|Publication number||US7391792 B2|
|Application number||US 10/968,182|
|Publication date||Jun 24, 2008|
|Filing date||Oct 20, 2004|
|Priority date||Mar 2, 2001|
|Also published as||EP1237312A2, EP1237312A3, US6816509, US20020122433, US20050053075|
|Publication number||10968182, 968182, US 7391792 B2, US 7391792B2, US-B2-7391792, US7391792 B2, US7391792B2|
|Inventors||Barry Pelley, Germain Paul Bisson|
|Original Assignee||Ciena Corporation|
|Export Citation||BiBTeX, EndNote, RefMan|
|Patent Citations (13), Non-Patent Citations (1), Classifications (11), Legal Events (5)|
|External Links: USPTO, USPTO Assignment, Espacenet|
This application is a Divisional of application Ser. No. 09/798,087, filed on Mar. 2, 2001 now U.S. Pat. No. 6,816,509 the entire contents of which are hereby incorporated by reference and for which priority is claimed under 35 U.S.C. § 120.
This invention relates to a data mapper and method for mapping digital information sequences into a SONET (synchronous optical network) payload in such a manner that there can be an arbitrary mixture of value types, viz. control and data, in those sequences.
A SONET optical data signal (i.e., such as STS-48, meaning 48 synchronous transport streams) is typically composed of multiple STS-1's which are assigned to various resources or clients, with the greater the number of STS-1's representing increased bandwidth. An advantageous feature of SONET framing, which makes it particularly desirable for metro and wide area optical transport networks, is that it provides a deterministic and flexible bandwidth allocation.
Each STS-1 of a SONET frame has a frame format consisting of rows and columns of fixed numbers of octet sequences (an octet having 8 bits and being alternatively referred to as a byte) and the first few columns of octets contain transport overhead information while the remaining octets form a payload which transports user information. The payload format for a SONET frame is static and, accordingly, the known methods used for the mapping of data into a SONET frame are also static in that each octet position in the SONET frame payload is assigned a predetermined meaning between the sender and receiver of the mapped data. Because of the nature of the SONET payload format the user information which is normally mapped into a SONET frame is limited to structures having formats in which control and data type information have either fixed positions in the input and output information sequences or can be differentiated on the basis of algorithms previously applied to them such as HDLC byte stuffing.
However, many information sequence structures do not have a fixed structure and instead may contain an arbitrary or varying mixture of control and data type values. For example, this is true of packetized data such as Ethernet frames, IP datagrams, physical layer encoding schemes such as 8b10b as well as other information structures with two information types (i.e., control and data). For these information structures it can be difficult to distinguish between octets containing control information and octets containing data information and this makes it necessary to add checks to the octet sequences to ensure that these information types can be distinguished. For example, for packetized data such as Ethernet transport data, the above-mentioned mapping scheme based on HDLC byte stuffing is often used for delineating frames (i.e., marking frame boundaries so as to distinguish between two frames). This byte stuffing technique defines two control octet values, one used as a frame delimiter code, and the other to mark data codes with the same value as either control code to prevent misinterpretation. When a data code value matches either control code value, the mark data control code is inserted in front of the data code, and the data code value is adjusted.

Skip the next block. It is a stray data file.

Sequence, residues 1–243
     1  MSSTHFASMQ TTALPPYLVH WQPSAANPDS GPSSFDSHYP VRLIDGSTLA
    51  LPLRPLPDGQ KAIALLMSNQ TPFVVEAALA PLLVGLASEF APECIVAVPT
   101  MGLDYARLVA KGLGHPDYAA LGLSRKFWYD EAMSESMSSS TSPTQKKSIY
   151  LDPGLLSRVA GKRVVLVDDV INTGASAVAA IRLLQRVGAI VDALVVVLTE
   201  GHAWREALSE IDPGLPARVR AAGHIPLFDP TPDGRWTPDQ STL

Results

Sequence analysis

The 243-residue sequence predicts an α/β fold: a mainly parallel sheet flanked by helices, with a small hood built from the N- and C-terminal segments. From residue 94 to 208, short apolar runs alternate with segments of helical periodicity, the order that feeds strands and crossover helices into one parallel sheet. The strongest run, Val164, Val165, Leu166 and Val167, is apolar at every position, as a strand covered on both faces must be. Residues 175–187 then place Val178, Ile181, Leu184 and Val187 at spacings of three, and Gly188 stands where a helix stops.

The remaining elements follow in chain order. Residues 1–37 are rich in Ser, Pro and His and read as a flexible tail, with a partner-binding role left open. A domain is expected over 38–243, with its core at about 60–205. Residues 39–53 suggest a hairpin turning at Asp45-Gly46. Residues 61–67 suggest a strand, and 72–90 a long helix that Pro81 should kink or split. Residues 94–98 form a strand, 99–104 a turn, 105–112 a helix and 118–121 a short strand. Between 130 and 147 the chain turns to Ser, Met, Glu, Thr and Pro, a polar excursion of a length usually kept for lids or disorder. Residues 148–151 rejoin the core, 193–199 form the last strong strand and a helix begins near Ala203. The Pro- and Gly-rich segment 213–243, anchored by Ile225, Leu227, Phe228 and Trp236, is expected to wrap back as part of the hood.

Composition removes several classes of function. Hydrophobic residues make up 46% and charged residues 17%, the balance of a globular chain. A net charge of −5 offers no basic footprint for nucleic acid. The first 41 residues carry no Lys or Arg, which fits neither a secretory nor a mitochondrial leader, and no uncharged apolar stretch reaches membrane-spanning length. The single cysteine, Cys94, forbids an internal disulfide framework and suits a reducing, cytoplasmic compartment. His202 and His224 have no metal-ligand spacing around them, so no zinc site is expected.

Such methods are problematic, however, because the number of octets required, and therefore bandwidth required, to transport a data/code sequence is then determined by the data content and as many as twice the number of data structure octets may be required to carry the data structure (since, in theory, it could become necessary to mark each data code). Extending this technique to carry many different control code values, as required for transport of line codes like 8b10b would worsen this problem. The resulting loss of a deterministic bandwidth capability thereby requires additional bandwidth to be provisioned across a SONET network to provide a guaranteed quality of service.
There is a need, therefore, for means to enable a flexible mapping of data into a SONET frame by which control and data information value types need not be assigned to any fixed position in the frame and also need not be distinguished by adding extra check codes.
The present invention provides a data mapper and method for mapping digital information sequences, which may comprise variable, arbitrary mixtures of control and data value types, into a SONET frame.
In accordance with the invention there is provided a digital information mapper for mapping input information characters into a SONET frame synchronous payload envelope (SPE) wherein the information characters comprise control and/or data information and each character comprises 9 bits consisting of an 8 bit information octet, being either a control octet or a data octet, and one octet type bit identifying the octet as control or data. The mapper includes a processor and a mapping module configured for performing a mapping algorithm, wherein the mapping algorithm is applied by the processor to sequences of eight input information characters. The algorithm is operable to map the information octets of each sequence of eight information characters to eight of a sequence of nine contiguous SPE octets and to map the octet type bits for each mapped sequence of information octets to the ninth octet of the contiguous SPE octets of the SPE octet sequence.